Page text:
Yildirim said the use of resorcinol and formaldehyde represents a major challenge to the tire industry. Kordsa seeks to find ways to make its tire manufacturing processes as environmentally friendly as possible.
Continental also is working to change the process.
"Employees in tire plants and end consumers don't get in contact with resorcinol and formaldehyde as they react to a network bound within the polymer matrix of the respective reinforcement material/tire part," said Boris Mergell, Conti senior vice president of research and development for passenger and light truck tires.
"If at all, exposure to the chemicals mentioned might only be possible at the converting process. This production step is done at the textile supplier and ensures adhesion of the textile reinforcing materials to rubber-based compounds. Therefore, the use of eco-friendly materials for the converting process is an important action with regard to environmental aspects and, of course, in the interests of our employees."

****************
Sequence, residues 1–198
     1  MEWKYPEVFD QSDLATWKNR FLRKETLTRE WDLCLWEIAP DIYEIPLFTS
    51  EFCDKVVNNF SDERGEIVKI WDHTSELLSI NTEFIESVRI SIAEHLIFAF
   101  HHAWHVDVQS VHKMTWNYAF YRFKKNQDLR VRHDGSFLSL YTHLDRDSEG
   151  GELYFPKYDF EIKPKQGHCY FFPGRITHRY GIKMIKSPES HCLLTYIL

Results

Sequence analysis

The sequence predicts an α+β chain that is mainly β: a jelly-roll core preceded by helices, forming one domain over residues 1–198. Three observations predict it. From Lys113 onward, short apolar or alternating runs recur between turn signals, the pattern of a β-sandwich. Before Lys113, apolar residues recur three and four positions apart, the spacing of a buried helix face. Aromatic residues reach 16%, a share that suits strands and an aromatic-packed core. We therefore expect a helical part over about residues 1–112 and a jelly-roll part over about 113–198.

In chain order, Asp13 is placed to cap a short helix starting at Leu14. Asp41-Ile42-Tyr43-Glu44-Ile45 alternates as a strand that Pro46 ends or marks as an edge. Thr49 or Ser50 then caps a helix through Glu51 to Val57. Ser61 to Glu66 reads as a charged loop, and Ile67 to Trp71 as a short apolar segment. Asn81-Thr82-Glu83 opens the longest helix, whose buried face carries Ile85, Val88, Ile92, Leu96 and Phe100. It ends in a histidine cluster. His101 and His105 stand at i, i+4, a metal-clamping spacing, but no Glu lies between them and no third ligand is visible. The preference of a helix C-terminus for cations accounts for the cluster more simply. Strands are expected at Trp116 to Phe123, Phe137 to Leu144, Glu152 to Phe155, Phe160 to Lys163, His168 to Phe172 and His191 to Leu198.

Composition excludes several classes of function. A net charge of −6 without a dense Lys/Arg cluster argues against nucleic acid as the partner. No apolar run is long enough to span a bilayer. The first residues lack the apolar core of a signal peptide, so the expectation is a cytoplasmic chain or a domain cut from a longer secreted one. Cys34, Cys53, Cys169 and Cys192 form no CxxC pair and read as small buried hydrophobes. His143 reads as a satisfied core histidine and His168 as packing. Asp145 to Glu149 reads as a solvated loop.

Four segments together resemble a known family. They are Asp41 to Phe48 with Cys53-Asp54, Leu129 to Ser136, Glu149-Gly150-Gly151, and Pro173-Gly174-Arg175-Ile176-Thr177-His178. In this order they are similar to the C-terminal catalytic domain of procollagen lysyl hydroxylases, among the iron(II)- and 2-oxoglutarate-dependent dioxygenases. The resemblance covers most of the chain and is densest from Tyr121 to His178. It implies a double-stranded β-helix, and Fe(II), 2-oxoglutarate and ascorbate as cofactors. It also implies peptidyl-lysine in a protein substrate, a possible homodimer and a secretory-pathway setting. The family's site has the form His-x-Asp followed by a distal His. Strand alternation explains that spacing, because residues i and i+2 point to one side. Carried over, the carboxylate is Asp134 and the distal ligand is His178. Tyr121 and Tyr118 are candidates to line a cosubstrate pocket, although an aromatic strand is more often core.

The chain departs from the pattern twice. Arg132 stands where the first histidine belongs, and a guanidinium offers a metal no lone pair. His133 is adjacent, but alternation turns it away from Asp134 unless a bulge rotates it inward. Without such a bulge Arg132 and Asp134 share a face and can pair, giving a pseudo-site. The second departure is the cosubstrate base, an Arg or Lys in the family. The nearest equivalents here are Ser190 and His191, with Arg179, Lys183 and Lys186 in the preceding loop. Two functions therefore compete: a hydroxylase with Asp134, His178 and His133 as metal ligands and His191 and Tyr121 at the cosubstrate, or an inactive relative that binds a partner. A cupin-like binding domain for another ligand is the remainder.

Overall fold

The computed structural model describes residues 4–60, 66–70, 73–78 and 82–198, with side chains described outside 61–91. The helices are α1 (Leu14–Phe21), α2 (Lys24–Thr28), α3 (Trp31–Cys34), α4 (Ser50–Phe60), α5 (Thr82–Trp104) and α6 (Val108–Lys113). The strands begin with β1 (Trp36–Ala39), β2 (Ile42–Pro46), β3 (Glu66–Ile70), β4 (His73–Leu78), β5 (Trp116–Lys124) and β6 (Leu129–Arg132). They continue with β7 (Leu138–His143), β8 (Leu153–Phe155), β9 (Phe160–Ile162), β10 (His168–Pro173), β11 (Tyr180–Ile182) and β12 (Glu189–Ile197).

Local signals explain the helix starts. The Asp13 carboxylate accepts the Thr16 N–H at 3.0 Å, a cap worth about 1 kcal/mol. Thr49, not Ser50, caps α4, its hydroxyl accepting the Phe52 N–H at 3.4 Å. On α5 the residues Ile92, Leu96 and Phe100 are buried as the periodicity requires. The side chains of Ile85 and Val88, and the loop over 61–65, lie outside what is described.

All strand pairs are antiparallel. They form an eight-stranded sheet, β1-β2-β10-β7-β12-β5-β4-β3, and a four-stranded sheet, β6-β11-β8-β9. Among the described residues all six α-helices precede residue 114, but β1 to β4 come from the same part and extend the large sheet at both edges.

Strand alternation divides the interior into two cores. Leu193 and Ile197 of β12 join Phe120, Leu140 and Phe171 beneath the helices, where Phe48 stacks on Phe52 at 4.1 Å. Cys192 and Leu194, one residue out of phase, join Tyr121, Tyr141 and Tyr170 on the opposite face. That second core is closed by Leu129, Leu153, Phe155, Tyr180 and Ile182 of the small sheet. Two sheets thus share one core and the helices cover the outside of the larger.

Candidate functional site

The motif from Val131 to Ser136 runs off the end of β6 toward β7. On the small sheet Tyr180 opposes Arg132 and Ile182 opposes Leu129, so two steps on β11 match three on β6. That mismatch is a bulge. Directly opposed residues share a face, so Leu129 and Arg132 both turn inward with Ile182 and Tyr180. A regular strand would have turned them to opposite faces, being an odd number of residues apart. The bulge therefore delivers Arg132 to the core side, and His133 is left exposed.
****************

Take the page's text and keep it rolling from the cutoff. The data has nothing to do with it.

The resorcinol-formaldehyde system has been a standard for decades, with adhesion results that fill the increasing demand regarding endurance for tires in today's applications, Mergell said.
"In addition, tire plants and end consumers have no direct benefit if textile converters are using eco-friendly dip systems as the dipped and heat-treated fabric as delivered to the tire plant does not contain any free resorcinol or formaldehyde even with the current dip system," he added.